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  • Paul Hurst 9:47 am on October 6, 2011 Permalink | Reply
    Tags: , , ceo, , died, email, illness, , , , , obituary, , praise, stanford, statement, , steven, technology, thought   

    The technology world is remembering the life of… 

    The technology world is remembering the life of one of it’s giants today.  Steve Jobs, former CEO of Apple Inc. has died at the age of fifty-six.

    Renowned for his ruthless and unwavering determination, Jobs had been battling through ill health since 2003 but in true typical fashion, he worked on, only stepping down as boss on the 24th August this year.

    I only dealt with Steve Jobs once.  Soon after the launch of the iPad,  I emailed him to say how happy I was with the product and how useful it was with my day to day work.  Steve Jobs was well known for replying (albeit briefly) to emails that were sent to his work address.  On this occasion, I didn’t expect a reply given that no question had been asked or suggestion made.  As it turned out, I did receive a very public reply as a few weeks later, Steve quoted some sections of my email during his TV interview at the ‘All Thing Digital’ event.

    Steve’s comments reminded me that it’s often important to give positive feedback, we’re quite used to complaining but it’s equally important to make sure we don’t let moments of thanks or praise pass by too.  Often a little ‘thank-you’ or ‘well done’ give us all a better perspective on both successful and unsuccessful endeavours that we find ourselves dealing with day by day.  The Bible says ‘Don’t grow weary of doing good’ (Gal 6:9), and no matter how successful or confident we are, we can all lose sight of what we may be achieving from time to time, thats where some simple reassurances can make a big difference.

    Steve Jobs also had quite a shrewd and philosophical view of life, and death.  In 2005, during his Stanford Commencement Speech, Jobs addressed his own mortality.

    “No one wants to die. Even people who want to go to heaven don’t want to die to get there. And yet death is the destination we all share. No one has ever escaped it. And that is as it should be, because Death is very likely the single best invention of Life. It is Life’s change agent. It clears out the old to make way for the new. Right now the new is you, but someday not too long from now, you will gradually become the old and be cleared away. Sorry to be so dramatic, but it is quite true.

    Your time is limited, so don’t waste it living someone else’s life. Don’t be trapped by dogma — which is living with the results of other people’s thinking. Don’t let the noise of others’ opinions drown out your own inner voice. And most important, have the courage to follow your heart and intuition. They somehow already know what you truly want to become. Everything else is secondary.”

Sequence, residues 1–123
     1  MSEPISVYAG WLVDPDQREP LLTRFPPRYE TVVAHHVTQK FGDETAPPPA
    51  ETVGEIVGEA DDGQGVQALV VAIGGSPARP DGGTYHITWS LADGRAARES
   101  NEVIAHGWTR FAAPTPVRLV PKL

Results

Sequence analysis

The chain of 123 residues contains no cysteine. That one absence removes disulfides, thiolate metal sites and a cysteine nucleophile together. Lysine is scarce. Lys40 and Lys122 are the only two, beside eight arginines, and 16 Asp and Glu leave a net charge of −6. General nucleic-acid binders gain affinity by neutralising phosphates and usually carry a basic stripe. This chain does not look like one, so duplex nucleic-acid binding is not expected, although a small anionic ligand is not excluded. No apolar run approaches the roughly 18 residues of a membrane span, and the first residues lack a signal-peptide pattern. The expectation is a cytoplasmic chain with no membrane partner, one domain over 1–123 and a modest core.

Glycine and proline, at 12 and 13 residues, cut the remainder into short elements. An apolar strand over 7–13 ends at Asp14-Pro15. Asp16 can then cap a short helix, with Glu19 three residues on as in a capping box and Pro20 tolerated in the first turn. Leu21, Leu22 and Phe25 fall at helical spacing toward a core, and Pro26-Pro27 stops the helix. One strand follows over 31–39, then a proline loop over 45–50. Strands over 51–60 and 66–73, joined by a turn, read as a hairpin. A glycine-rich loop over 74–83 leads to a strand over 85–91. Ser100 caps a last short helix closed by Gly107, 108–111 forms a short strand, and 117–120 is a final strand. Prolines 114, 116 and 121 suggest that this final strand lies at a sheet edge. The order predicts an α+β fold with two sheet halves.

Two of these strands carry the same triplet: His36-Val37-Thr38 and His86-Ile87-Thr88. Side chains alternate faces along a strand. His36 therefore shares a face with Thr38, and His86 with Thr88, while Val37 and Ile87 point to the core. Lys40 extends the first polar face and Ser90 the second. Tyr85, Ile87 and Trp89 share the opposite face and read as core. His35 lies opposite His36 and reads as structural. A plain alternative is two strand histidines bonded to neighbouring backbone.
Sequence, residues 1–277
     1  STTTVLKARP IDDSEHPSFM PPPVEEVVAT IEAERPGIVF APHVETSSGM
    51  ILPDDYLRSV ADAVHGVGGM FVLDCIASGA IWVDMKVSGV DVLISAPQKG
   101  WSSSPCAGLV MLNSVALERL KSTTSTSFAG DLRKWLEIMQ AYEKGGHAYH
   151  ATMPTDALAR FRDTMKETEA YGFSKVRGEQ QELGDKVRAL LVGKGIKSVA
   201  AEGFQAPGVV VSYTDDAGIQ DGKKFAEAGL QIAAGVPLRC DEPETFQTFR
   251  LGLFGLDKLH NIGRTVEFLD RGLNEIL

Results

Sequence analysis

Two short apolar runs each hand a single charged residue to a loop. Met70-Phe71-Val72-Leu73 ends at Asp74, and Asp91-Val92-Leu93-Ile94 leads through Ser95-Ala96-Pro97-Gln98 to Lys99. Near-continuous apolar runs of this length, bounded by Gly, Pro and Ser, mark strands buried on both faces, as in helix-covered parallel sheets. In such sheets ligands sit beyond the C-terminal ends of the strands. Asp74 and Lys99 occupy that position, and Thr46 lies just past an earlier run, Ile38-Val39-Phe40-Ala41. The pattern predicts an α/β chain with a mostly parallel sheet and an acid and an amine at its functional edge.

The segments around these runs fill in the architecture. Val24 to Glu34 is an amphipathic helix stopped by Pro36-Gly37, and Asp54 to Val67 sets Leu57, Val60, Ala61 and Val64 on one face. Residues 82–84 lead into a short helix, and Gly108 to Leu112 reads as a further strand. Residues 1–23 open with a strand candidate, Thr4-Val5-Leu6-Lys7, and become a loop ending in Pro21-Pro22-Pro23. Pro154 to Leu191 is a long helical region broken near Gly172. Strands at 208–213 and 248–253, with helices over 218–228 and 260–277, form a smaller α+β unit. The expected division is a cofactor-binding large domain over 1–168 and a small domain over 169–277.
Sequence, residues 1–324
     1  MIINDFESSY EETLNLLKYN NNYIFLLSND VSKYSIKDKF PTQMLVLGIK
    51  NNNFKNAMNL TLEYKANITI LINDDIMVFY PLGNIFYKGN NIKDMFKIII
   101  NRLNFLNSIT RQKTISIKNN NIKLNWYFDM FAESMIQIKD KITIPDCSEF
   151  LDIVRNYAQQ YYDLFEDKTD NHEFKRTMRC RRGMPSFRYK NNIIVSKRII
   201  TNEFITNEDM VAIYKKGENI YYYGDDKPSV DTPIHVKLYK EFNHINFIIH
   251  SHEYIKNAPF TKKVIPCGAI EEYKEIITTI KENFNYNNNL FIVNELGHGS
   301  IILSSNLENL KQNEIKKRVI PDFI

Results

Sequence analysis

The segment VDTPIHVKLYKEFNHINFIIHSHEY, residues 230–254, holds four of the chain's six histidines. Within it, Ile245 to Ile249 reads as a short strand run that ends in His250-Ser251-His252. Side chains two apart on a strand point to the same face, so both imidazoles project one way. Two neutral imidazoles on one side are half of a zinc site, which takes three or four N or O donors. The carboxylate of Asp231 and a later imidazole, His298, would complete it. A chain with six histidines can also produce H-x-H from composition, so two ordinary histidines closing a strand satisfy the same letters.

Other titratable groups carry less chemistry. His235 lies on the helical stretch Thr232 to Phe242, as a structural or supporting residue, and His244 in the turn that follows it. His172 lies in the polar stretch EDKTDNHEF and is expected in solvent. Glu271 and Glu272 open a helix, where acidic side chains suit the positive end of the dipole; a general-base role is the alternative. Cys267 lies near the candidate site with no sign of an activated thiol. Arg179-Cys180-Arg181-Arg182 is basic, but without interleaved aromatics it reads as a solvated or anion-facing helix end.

Steve clearly lived by this principle, today he gains a degree of immortality with what he leaves behind. We all do well to remember that his life is one lived and used to the fullest.

     
  • Paul Hurst 10:41 am on May 12, 2009 Permalink | Reply
    Tags: bebo, education, , learning, , new, podcasting, radio, schools, , technology,   

    Social Media and Schools 

    Just delivered a presentation to students and staff from Accrington Academy.  Its focus was the use of mobile technology within the classroom and an ever increasing aspect of this centers around the use of Social Media and Networking applications too.

    It’s well known that a large percentage of users for the social networking websites are still at school.  Bebo and Myspace are now giving way to Facebook which offers us an insight into how young people communicate and want to stay in touch.  It also shows how young people choose to consume information when presented with a variety of options but could these technologies be used in a productive way to alter how people learn and interact with their schools?

    I have been involved in promoting radio as an educational resource for a number of years.  Its immediacy and hands-on development make it ideal as an engaging way of allowing students of all ages to research, develop and deliver content which has a purpose not just for an audience but the production team behind it.  These podcasts are now delivered in classrooms alongside more traditional methods of learning and its a similar approach to new flexible technologies which will only grow in importance during the coming months and years.

    Over the next few weeks, I’m going to blog about the ways in which I’m using new media and new technology.  Breaking it out of ICT lessons and effecting how young people are learning new things by using new technolgies.

     
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